Building a local economy
Ujima Project aims to put economic control in neighborhood hands
Sandra Larson | 9/13/2017, 11:20 a.m.
The Boston Ujima Project took a step forward last weekend with an inaugural assembly to launch its effort to build a new community-controlled economy in Boston’s neighborhoods of color.
On the Web
Boston Ujima Project: www.ujimaboston.com
Fund for Democratic Communities: https://f4dc.org
Called “Dreaming Wild,” the two-day event opened with a Friday evening reception and speaker program at the Bruce C. Bolling Building, followed by arts, social and networking events at nearby cafés, and continued with a daylong general assembly Saturday at the First Church of Roxbury, where founding members voted on the Ujima Project governance and board structure.
Nia Evans, Ujima Project’s executive director, said the opening event’s title is a riff on the phrase “I am my ancestors’ wildest dreams,” which has come into use in various justice movements.
“We think about the Ujima Project as a concrete manifestation of possibility,” she told the audience during Friday’s speaking program.
Ujima is a Swahili word and the Kwanzaa principle of “collective work and responsibility.” True to that, the project is a joining of many entities to build and sustain local wealth in Boston communities. A major piece will be its community capital fund, into which community stakeholders of many types will pool money. The Ujima Project’s members, through a democratic one-person-one-vote process, will share the task of allocating the accumulated funds to support local businesses, artists and organizations.
Launching formally now, the Ujima Project last year conducted a pilot project to test the process of raising and allocating community capital. At an August 2016 “Solidarity Summit,” $10,000 was raised from 175 small lenders and investors and doubled with matching funds from larger funders. The $20,000 was then allocated through a participant vote to five local black-owned and immigrant-owned businesses, each of which received zero-interest loans of $3,000 to $5,000.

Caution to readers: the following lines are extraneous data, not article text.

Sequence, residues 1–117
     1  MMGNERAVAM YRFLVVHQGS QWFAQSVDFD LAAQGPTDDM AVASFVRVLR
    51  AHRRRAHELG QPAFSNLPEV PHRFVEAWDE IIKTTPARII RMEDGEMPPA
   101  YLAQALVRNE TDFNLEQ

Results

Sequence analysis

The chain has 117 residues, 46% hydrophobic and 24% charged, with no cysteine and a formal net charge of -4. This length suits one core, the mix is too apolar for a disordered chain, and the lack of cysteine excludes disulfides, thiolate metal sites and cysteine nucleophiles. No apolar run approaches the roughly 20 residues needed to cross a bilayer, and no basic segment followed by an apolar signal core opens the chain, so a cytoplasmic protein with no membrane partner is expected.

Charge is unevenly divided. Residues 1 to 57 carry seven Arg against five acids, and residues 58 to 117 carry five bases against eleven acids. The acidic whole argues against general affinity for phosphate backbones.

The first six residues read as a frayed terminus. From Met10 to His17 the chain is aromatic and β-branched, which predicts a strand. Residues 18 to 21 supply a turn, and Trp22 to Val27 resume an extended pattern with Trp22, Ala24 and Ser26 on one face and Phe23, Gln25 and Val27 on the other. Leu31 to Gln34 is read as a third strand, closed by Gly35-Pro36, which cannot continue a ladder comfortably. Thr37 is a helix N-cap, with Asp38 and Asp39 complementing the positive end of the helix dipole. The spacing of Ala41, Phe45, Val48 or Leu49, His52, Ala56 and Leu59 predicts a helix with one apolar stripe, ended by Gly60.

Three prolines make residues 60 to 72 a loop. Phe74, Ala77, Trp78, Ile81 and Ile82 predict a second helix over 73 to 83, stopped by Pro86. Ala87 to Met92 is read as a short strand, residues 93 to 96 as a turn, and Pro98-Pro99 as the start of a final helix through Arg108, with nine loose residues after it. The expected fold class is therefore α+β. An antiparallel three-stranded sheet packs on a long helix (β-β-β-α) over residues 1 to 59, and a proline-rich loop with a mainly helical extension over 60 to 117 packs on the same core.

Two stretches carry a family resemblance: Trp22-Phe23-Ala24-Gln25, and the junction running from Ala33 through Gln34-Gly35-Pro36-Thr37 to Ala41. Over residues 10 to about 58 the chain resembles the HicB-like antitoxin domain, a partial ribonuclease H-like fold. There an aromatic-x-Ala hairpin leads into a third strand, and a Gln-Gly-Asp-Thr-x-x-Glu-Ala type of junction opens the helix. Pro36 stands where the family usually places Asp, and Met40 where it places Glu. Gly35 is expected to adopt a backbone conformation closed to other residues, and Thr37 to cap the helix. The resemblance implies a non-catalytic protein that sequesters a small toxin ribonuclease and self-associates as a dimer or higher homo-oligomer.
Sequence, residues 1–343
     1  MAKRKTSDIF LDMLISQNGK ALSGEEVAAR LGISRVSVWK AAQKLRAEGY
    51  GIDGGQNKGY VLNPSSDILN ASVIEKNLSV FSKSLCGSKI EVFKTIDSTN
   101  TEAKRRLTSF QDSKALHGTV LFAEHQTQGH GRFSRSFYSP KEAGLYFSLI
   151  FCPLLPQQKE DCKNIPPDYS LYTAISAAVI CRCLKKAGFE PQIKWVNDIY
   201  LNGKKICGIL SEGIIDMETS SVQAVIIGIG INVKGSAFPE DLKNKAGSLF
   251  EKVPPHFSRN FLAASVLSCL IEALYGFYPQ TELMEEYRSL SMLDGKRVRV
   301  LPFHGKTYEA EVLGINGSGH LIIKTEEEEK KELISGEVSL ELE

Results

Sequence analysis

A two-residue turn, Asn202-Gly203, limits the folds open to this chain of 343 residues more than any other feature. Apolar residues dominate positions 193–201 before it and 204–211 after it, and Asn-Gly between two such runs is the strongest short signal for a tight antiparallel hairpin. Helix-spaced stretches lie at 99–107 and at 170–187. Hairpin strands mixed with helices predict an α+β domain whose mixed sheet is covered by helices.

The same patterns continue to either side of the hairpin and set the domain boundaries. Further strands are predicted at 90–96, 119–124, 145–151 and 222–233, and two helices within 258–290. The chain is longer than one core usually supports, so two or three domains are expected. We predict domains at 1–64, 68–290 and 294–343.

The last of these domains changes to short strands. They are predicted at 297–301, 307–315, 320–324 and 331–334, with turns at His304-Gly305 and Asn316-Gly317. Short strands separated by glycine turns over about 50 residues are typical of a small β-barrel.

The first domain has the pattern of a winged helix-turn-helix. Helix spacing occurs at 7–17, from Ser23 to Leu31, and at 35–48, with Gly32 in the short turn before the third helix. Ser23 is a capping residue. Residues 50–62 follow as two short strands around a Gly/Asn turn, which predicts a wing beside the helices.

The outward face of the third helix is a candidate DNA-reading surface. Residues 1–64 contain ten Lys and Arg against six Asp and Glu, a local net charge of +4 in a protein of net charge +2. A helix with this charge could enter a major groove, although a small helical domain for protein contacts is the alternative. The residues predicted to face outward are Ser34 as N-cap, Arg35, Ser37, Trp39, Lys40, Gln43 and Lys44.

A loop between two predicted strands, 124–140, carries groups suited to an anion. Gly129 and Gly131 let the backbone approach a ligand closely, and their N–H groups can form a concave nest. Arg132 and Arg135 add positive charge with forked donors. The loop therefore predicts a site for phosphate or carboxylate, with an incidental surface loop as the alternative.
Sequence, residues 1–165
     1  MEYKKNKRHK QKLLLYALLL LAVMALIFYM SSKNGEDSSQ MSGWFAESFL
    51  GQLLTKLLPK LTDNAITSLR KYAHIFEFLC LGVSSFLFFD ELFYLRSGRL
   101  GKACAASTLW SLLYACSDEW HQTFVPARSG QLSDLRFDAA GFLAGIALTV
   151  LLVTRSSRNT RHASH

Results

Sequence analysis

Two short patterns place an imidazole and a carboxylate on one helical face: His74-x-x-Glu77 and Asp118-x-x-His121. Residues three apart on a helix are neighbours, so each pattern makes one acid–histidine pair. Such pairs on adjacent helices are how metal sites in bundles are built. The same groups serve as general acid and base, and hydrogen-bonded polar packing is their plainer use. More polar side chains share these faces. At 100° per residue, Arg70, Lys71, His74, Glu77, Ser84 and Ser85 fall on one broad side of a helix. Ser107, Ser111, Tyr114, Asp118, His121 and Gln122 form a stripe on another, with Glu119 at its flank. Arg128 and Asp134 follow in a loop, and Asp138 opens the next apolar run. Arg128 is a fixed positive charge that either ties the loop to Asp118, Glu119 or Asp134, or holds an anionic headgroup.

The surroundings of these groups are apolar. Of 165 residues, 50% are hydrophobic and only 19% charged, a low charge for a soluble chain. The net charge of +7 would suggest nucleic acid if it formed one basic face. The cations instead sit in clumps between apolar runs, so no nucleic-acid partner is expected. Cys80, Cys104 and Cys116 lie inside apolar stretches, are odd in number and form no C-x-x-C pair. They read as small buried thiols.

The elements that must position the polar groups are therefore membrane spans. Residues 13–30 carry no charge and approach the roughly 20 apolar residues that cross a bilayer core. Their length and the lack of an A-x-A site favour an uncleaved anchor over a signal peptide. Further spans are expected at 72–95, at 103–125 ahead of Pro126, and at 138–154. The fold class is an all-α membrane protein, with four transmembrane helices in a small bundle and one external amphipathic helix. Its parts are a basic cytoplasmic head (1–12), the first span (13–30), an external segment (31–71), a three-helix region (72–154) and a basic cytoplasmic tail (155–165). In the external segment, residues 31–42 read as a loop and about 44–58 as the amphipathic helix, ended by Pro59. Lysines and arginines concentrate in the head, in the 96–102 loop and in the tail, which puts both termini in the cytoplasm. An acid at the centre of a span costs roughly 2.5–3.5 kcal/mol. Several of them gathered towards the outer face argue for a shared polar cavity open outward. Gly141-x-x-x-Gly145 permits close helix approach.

The businesses selected for loan support at the pilot summit were Bowdoin Bike School, Fidalgo Wholesale, Fresh Food Generation, Sydney Janey Design and Norma’s Catering — locally-owned enterprises that were judged to be both good business prospects and contributors to the well-being of their communities.
The Ujima Project now is setting its sights higher. Starting this fall, the goal is to raise $2.5 million to $5 million over the next two years, and starting to allocate funds in early 2018. In future rounds, the capital fund goal could rise to $20 million. The loans will not typically be interest-free in the future, but rates will be capped.
Individual membership is open to all, though only Boston residents will have voting rights. The standard membership fee is $25, with discounts for various groups, such as youth age 14–24. Investment beyond the membership fee is encouraged, but not required.
The Ujima Project emerged from a year-long cross-sector study group hosted by the Center for Economic Democracy, Boston Impact Initiative and City Life/Vida Urbana, seeking more sustainable ways to fund grassroots organizations. After examining the feasibility of starting a public bank and looking at existing community-focused models such as participatory budgeting initiatives, cooperatively-run businesses and land trusts, the group concluded that while each of these models was good, none by itself was enough.